Once a game has been purchased via disc or Xbox Live, everyone who uses it on one particular console will get access to the game. Up to ten members of a family can also log in and play from the shared games library on an Xbox One on an entirely different console.
Finally, Microsoft is also addressing some privacy concerns with Kinect. The sensor will only listen to a single voice command when the Xbox One console is turned off, simply "Xbox on." Microsoft says you can also turn this feature off if need be. The software maker says that any conversations in a living room while the Xbox One is on will not be recorded or uploaded.
The Official Xbox Magazine (OXM), the UK’s biggest-selling games magazine, has unveiled the first digital magazine on Apple’s Newsstand with an in-depth look at the new console. Xbox One: The Complete Guide is available to download absolutely free.
Built using Future’s FutureFolio app-creation software, Xbox One: The Complete Guide is fully interactive and available for use on iPad, iPhone and iPod Touch. Based on exclusive access to Microsoft and the expertise of the OXM team, it is the essential guide to Microsoft’s new console and features in-depth previews of the most exciting new games.
The Xbox One was revealed at an exclusive event at Microsoft’s campus in Redmond, Washington last week, is the successor to the Xbox 360 and the third console in the Xbox family. More features are expected to be announced at the E3 conference in June.
Jon Hicks, Editor of Xbox 360: The Official Xbox Magazine says: “Xbox One is huge news for our audience, and Microsoft gave us unprecedented access to the console and the team behind it. I’m delighted we can give our readers an early look ahead of our E3 coverage in issue 100.”
Richard Keith, Publisher of Xbox 360: The Official Xbox Magazine, adds: “The Xbox One announcement has caused a huge amount of heated discussion. Xbox One: The Complete Guide pulls together all the various strands and lets you know clearly what the next generation Xbox will actually do. This is something only the OXM team with its amazing access and insight can do.”
With over 70 titles available to purchase on Apple’s Newsstand, Future is a world leader in tablet publishing and has more digital editions available for iPads and iPhones than any other publisher.
Mad Catz Interactive announced today that it has started working with Microsoft to develop next generation accessories for the Xbox One.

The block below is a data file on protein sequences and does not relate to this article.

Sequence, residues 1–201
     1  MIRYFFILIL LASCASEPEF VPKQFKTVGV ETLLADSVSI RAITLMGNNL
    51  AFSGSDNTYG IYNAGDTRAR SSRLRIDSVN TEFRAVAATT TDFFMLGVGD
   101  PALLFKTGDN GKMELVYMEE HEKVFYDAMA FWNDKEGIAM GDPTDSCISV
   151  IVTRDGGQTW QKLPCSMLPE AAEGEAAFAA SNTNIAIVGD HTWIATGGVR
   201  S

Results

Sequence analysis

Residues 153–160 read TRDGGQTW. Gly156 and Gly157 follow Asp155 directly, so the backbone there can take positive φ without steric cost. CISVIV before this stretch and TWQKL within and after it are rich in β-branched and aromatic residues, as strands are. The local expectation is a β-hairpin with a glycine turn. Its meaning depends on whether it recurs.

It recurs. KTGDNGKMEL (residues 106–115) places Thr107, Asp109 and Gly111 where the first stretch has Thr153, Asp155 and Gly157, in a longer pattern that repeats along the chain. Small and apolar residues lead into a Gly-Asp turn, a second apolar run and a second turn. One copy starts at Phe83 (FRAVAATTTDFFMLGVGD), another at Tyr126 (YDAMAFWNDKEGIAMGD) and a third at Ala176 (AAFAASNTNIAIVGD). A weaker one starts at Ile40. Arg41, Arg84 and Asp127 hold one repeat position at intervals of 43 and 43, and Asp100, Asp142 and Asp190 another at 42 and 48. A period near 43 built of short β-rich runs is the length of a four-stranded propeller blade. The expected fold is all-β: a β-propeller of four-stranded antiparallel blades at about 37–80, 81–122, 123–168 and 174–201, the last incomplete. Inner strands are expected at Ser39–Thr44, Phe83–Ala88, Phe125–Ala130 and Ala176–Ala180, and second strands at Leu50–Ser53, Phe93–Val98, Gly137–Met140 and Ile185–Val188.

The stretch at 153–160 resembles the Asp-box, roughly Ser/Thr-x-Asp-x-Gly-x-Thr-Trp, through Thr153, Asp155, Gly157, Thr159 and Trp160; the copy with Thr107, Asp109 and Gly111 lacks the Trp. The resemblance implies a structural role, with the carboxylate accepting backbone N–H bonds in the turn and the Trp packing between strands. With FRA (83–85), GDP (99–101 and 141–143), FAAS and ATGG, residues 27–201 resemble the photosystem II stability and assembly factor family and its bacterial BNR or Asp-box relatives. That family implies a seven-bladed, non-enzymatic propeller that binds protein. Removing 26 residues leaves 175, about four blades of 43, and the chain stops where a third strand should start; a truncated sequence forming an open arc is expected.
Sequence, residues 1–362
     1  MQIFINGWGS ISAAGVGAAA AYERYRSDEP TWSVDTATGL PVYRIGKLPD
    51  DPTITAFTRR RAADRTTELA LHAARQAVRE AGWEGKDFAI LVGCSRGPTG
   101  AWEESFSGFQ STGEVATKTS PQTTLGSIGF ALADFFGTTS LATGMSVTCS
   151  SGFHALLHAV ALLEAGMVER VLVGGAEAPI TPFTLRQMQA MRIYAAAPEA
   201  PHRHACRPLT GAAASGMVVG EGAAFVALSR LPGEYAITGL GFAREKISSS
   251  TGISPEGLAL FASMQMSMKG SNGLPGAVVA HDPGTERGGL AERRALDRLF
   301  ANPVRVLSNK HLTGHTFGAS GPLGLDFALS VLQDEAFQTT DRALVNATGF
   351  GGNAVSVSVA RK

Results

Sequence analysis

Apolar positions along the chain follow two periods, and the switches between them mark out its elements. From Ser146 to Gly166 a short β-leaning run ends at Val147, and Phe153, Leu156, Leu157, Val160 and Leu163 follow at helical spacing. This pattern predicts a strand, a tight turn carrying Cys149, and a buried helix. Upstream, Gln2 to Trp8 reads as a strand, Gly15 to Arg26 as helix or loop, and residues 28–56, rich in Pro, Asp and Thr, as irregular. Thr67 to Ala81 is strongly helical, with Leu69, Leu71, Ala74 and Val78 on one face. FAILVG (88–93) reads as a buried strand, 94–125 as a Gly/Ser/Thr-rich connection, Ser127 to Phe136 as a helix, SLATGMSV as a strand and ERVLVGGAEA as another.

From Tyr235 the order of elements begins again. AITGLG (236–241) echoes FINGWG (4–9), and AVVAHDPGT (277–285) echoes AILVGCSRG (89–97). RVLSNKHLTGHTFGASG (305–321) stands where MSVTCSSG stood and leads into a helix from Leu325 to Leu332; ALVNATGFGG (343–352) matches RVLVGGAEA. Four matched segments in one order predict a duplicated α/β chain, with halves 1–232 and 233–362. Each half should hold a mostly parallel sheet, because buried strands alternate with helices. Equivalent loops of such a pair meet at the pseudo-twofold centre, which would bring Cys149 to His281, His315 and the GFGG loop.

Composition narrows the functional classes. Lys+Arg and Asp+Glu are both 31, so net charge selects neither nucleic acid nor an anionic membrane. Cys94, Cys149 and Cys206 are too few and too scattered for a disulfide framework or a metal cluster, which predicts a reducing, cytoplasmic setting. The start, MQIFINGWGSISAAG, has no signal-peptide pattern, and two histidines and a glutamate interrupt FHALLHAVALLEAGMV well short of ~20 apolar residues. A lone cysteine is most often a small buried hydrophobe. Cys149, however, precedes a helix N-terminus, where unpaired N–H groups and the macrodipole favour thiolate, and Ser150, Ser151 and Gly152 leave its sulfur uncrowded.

“We are eagerly looking forward to the upcoming launch of the Xbox One and excited about the opportunity to develop a range of innovative products to support the platform.” said Darren Richardson, the President and Chief Executive Officer of Mad Catz Interactive, Inc. “The launch of the Xbox One adds a new revenue stream and the enhanced performance of the Xbox One opens up additional scope for innovation. Today’s announcement demonstrates our continued support of Microsoft’s console and entertainment business and is part of our long-term strategy to bring innovative products to passionate gamers.”
The Xbox One home entertainment system from Microsoft is expected to launch this holiday. For more of 360-HQ's previous Xbox One coverage click here.
Umbra Software announced early last week that its Umbra 3 Visibility Solution, the same software being used in several upcoming games such as Bungie’s "Destiny", is now available for evaluations for all licensed Xbox One and Xbox 360 developers.
The Umbra 3 middleware powers up real-time graphics performance and productivity with automatic occluder generation and software based occlusion culling. The software has been fully optimized to utilize the power of Xbox One.
Umbra 3 improves development workflow by enabling both rapid content iteration and the creation of more sophisticated levels and more detailed graphics content. The software automatically generates occluders from “polygon soup” empowering artists to spend their time on what really matters – creating awesome looking game worlds. See a video of Umbra 3 in action below and learn more about the software just after the break.
Umbra 3 is an industry standard occlusion culling system being used by developers such as Bungie, Eidos Montreal, Remedy, ArenaNet, Square Enix and many others.
Umbra 3 makes sure you only render objects visible to the player. This powers up your rendering to enable better visuals running at an improved frame rate. Umbra 3 provides this as non-intrusively and with as little overhead as possible with any type of 3D content as input.